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It is a pleasure to follow Ian Paisley who, up until his outburst on me, I considered an hon. Friend—I agree with many of his political positions. He said he would go on to speak about policing in Northern Ireland, and I believe I was perfectly entitled to question whether or not that was in order, particularly because I have been sitting in the Chamber from the beginning of the debate waiting to speak, and because the debate relates to the police grant in England and Wales. That is not to decry our fantastic Union—it is always a pleasure and delight to hear about Northern Ireland—but I am sorry he interpreted my attempts to bring him back to order in such a manner. I am sure we will still be friends.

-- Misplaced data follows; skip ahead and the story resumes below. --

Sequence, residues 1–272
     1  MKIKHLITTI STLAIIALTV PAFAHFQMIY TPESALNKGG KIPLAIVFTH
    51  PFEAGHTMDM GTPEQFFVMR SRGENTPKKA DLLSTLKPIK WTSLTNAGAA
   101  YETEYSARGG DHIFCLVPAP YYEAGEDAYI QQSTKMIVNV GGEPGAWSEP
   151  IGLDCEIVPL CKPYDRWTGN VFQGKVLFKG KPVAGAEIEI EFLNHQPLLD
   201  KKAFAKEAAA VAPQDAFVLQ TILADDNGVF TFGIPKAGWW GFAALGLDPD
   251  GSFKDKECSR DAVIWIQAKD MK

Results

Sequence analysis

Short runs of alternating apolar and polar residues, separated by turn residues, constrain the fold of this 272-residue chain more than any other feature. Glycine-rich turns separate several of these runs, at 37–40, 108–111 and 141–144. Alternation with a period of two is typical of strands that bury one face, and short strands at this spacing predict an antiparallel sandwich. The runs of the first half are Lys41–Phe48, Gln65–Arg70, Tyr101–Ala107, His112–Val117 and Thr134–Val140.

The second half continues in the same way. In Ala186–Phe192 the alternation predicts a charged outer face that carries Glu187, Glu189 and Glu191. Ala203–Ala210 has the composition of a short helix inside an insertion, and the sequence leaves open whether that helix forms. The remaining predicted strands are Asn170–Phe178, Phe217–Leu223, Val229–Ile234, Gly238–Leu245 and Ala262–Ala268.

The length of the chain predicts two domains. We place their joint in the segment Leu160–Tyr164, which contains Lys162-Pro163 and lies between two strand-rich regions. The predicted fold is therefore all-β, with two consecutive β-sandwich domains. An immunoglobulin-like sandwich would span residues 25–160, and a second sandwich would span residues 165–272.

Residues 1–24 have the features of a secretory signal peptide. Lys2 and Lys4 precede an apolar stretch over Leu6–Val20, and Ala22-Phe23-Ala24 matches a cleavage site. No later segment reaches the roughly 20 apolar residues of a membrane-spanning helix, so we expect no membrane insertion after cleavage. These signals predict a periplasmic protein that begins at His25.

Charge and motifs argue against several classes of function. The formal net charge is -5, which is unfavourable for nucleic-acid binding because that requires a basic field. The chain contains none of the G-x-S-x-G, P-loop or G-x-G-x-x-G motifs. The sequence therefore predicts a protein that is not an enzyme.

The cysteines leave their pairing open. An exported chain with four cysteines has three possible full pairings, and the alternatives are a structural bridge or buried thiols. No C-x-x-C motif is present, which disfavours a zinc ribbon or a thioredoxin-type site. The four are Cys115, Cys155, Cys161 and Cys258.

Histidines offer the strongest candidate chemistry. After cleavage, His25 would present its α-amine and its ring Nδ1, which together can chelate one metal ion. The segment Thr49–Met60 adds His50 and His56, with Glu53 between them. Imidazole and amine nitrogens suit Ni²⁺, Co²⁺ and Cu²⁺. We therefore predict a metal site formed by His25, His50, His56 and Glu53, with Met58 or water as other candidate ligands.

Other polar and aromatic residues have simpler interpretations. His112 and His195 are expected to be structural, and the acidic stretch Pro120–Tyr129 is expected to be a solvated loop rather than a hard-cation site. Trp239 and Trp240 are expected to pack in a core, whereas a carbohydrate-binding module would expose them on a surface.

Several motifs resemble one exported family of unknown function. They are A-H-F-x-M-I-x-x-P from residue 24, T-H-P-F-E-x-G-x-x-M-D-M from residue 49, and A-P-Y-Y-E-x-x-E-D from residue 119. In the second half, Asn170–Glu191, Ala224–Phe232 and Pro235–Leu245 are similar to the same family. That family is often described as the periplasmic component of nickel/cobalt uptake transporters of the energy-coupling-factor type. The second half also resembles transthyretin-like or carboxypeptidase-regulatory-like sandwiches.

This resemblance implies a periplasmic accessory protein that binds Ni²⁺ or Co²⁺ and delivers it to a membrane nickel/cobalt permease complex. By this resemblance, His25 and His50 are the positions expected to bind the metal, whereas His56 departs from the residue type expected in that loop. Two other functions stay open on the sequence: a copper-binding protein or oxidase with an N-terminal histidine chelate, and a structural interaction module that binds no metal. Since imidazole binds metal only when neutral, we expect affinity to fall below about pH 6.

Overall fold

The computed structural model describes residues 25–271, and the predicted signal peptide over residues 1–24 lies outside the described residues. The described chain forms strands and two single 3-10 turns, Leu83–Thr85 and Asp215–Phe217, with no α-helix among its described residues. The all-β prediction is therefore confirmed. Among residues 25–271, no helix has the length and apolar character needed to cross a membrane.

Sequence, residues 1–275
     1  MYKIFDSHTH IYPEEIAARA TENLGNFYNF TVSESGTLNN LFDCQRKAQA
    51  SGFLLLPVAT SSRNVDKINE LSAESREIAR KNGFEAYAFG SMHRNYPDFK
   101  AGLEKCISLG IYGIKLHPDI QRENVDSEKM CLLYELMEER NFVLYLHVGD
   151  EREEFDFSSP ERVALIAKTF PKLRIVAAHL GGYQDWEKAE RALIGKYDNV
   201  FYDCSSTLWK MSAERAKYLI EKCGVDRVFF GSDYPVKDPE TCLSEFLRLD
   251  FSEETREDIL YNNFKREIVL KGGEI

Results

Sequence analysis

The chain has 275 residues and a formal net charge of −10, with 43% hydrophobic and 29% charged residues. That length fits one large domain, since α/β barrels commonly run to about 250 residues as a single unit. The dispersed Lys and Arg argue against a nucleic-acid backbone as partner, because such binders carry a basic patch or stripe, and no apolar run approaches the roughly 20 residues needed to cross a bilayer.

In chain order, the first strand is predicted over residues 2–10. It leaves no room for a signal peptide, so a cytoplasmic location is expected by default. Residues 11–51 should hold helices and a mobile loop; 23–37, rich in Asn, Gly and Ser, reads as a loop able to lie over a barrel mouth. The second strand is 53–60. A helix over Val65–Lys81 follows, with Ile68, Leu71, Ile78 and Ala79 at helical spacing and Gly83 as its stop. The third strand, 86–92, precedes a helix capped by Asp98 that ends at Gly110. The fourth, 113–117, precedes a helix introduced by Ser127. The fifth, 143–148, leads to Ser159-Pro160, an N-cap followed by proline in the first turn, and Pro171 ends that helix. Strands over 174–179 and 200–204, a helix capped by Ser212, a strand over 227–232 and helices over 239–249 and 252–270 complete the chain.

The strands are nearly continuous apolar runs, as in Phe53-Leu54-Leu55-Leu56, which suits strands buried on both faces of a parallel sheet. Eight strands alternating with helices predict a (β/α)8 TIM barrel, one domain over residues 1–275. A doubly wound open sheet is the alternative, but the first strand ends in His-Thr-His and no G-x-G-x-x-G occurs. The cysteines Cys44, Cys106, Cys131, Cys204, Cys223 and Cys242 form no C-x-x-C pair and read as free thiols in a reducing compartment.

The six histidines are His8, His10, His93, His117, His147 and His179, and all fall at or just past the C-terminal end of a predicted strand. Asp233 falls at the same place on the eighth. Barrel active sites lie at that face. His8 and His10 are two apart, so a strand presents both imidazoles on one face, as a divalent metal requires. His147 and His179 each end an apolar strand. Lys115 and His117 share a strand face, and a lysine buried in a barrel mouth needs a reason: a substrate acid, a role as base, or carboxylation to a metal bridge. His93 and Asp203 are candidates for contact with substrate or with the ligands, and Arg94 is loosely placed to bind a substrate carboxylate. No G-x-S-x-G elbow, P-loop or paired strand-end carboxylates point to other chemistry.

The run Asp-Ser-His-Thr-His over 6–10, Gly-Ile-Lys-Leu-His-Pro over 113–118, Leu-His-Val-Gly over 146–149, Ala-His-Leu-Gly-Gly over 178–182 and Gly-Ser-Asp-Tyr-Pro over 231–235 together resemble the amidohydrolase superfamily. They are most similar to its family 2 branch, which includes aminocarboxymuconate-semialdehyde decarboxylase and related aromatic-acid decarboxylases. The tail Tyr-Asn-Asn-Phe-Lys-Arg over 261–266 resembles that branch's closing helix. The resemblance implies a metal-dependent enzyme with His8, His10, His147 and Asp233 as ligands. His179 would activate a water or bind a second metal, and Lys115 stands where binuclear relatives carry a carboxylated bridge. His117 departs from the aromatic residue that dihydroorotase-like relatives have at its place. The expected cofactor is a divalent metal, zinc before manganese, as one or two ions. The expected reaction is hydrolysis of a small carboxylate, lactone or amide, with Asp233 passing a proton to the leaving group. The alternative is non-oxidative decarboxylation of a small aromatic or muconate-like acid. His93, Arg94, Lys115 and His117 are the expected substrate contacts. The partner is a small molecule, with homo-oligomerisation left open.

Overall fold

I shall speak to the report as it relates to England and Wales, and my police force in Humberside, which serves the East Riding of Yorkshire and northern Lincolnshire. I speak on the police grant debate most years. I have always abstained on the budget because of my concern, as previous Ministers have heard, about the scale of the reductions. I fully understand and support the need for reductions, but I am concerned about their scale, particularly as they come at the same time as a change in officers’ terms and conditions, which has had an impact on morale. I shall say more about that later.
I tend to say something about the Labour position every year in such debates. In 2007, police numbers were falling in my area—they fell by 137. [Interruption.]It would be nice if I could hear myself. There seems to be some noise coming from the Government Back Benches.